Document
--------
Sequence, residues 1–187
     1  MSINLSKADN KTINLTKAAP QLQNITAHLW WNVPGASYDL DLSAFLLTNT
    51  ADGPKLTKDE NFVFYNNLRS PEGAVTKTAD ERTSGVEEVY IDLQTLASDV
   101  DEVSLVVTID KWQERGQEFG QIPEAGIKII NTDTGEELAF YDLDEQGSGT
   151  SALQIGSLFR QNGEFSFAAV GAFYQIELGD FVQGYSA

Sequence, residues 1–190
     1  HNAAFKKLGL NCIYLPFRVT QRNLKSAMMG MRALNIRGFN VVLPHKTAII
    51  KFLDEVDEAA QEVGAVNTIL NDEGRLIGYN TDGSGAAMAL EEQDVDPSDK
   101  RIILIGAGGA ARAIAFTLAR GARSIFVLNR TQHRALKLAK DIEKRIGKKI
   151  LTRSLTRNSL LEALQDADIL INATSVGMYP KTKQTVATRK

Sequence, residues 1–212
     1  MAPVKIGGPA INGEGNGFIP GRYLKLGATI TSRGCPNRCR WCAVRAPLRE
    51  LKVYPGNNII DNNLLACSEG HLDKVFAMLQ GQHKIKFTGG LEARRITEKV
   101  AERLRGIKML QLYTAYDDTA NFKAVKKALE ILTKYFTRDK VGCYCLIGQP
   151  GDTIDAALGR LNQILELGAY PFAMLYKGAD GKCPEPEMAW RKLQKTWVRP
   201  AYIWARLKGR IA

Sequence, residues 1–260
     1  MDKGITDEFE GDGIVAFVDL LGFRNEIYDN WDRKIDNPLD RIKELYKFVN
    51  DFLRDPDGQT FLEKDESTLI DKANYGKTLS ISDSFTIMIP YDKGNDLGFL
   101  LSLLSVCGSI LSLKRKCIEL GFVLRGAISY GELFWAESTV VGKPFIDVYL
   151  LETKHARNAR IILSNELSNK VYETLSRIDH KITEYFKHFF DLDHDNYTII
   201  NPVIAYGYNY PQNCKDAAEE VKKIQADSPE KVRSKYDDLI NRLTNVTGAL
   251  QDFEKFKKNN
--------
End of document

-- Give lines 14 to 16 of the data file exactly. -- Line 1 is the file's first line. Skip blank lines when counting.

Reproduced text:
   101  AERLRGIKML QLYTAYDDTA NFKAVKKALE ILTKYFTRDK VGCYCLIGQP
   151  GDTIDAALGR LNQILELGAY PFAMLYKGAD GKCPEPEMAW RKLQKTWVRP
   201  AYIWARLKGR IA